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Wednesday, October 19, 2011


The judiciary’s license to kill is a hot topic in the country today. The fate of Afzal Guru, Ajmal Kasab and the three Sri Lankan Tamils charged for the assassination of Rajiv Gandhi hangs in the balance today. On one hand, there are people waiting to get rid of these averred murderers who have put scores of human lives in peril and on the other hand, we have people concerned about human rights, questioning the very logic of a civilized society carrying out an execution. I don’t belong to either of the categories though I’m inclined towards the latter. My allegiance grew a little stronger after I completed watching the Japanese anime series titled “Death note”. Death note not only put to rest a few doubts I had about the moral precision of capital punishment and a human being’s right to kill, but it also got me pondering about other movies that were judgmental about the power to carry out an execution.

Death note is about Light Yagami and his dream of creating a new world devoid of crime after he gets access to the death note, a notebook that could be used to kill people by writing their names on it. The turn of events as the series progressed clearly seemed to indicate the fact that it’s impossible to exterminate misuse for selfish gains when a consummate amount of power is rested on one’s shoulders and especially, when the power allows you to kill another person. It also left me wondering as to how I had appreciated a movie like Anniyan that not only advocated killing but also professed carrying it using the most gruesome methods one could imagine. I finally convinced myself by assuming that I had fallen for the literary genius of the late Sujatha, who had made myself and a million others accept something that would have garnered appreciation only in a Barbarian society.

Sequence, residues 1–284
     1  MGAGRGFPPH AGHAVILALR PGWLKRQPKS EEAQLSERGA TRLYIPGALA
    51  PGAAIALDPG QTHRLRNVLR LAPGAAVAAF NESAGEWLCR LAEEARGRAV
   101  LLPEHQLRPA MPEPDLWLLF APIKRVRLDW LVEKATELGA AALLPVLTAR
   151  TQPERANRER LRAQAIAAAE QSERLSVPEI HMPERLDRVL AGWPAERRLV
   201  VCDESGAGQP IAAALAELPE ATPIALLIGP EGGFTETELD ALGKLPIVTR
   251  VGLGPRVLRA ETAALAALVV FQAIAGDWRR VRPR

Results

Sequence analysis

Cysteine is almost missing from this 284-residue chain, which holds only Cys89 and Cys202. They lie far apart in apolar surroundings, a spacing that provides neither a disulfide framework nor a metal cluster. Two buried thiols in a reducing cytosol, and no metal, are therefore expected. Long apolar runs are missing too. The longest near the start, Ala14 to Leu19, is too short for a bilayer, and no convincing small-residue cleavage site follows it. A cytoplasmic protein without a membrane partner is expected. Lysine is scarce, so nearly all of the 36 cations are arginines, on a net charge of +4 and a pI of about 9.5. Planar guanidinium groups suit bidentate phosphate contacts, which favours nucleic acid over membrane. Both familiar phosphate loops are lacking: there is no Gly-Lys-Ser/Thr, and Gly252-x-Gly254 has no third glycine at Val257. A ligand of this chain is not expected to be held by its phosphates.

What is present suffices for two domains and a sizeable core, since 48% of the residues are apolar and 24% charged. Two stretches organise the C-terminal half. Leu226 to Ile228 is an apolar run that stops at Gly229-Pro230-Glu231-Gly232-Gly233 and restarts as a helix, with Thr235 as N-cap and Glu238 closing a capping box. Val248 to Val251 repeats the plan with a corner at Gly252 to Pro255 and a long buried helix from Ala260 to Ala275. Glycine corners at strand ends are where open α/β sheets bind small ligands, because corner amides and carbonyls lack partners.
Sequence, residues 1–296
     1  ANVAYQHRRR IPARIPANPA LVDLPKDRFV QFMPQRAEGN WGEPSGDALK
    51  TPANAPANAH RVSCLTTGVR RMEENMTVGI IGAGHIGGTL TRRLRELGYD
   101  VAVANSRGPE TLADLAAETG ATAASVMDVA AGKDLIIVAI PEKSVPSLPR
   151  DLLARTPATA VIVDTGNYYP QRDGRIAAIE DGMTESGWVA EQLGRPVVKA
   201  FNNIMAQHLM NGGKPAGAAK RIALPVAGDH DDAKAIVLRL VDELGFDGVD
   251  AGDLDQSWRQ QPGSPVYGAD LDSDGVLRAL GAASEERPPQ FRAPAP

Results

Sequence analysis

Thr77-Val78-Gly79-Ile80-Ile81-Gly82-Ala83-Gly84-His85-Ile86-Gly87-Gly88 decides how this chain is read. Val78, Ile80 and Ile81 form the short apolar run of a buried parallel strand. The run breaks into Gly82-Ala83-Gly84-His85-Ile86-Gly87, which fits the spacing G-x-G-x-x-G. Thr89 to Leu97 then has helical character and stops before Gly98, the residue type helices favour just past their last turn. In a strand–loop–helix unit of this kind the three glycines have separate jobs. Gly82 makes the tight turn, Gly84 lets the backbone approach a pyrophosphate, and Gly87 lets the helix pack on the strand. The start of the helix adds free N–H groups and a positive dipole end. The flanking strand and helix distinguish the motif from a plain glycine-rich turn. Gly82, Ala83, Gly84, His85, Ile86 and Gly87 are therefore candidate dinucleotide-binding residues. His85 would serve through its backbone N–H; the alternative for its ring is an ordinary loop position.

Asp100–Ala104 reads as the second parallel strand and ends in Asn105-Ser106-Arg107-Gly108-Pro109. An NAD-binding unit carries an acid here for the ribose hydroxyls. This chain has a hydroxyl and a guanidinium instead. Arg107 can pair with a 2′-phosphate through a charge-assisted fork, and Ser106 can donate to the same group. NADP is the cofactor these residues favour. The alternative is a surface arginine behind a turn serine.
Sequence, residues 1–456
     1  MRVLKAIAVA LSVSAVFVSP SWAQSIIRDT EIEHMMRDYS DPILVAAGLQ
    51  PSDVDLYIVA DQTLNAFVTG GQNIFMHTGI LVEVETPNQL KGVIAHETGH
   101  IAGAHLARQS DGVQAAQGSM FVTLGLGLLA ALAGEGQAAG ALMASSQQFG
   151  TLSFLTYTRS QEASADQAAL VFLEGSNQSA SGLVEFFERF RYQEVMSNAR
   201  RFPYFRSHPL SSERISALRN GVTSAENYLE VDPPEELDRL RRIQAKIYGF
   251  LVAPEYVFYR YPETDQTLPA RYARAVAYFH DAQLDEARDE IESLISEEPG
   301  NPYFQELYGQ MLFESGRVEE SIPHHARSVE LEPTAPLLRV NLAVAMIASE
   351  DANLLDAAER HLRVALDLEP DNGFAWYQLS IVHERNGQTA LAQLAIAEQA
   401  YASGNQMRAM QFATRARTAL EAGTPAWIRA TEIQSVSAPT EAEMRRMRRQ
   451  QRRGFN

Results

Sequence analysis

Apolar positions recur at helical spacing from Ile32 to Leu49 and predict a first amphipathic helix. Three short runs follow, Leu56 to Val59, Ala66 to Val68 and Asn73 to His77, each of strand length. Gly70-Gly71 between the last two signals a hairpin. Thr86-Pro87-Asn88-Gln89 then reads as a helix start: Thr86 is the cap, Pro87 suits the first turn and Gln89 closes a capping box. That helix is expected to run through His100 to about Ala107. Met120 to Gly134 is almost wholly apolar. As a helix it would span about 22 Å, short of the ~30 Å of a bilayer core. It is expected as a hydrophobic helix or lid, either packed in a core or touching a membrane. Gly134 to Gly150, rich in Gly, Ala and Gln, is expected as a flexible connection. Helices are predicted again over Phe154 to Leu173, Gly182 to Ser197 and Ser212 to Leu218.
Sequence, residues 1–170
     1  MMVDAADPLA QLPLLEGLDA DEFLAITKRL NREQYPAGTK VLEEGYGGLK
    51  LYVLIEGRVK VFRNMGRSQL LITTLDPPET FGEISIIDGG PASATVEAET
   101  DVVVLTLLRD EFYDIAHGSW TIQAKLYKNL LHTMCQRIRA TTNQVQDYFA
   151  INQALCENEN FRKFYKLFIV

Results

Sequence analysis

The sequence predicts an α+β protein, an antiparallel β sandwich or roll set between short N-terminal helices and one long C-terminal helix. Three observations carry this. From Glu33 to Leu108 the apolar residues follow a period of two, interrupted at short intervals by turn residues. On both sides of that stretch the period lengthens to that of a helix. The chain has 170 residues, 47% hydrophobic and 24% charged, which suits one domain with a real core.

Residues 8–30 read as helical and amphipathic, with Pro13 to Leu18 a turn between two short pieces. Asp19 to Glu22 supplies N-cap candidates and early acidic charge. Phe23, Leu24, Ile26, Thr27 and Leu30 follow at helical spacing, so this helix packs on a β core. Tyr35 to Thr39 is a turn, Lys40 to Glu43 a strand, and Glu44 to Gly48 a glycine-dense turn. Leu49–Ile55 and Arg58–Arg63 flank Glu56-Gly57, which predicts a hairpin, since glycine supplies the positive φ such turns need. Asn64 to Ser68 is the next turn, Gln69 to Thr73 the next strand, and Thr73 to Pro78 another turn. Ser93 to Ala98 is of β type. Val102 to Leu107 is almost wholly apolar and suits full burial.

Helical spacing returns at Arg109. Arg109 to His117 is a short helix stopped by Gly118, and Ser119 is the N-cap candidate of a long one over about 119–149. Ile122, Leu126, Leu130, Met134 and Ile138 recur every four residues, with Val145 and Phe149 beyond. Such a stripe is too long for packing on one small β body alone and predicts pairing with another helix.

The Brad Pitt-Morgan Freeman starrer “Seven” is another case in point. The antagonist orchestrates the last of a series of murders in such a way that the termination of his own life is almost impossible and a noble soul who had dedicated his life to saving lives is to carry out the execution which would eventually help spread the message and inspire mislead psychopaths. It’s an undeniable fact that terrorists are trained to be philistine and phlegmatic even in the most extreme conditions of emotional stress and aren’t afraid to sacrifice themselves in an attempt to accomplish their mission. And its also beyond doubt that the terrorists who die in pursuit will be idolised as martyrs in terrorist camps and for all you know, they could be the role-models of the next 16 year old terrorist. So what exactly are we trying to accomplish by killing people who don’t mind dying and in the process of dying, possibly inspire a million others to continue the heinous crimes they had been notorious for throughout their lifetime?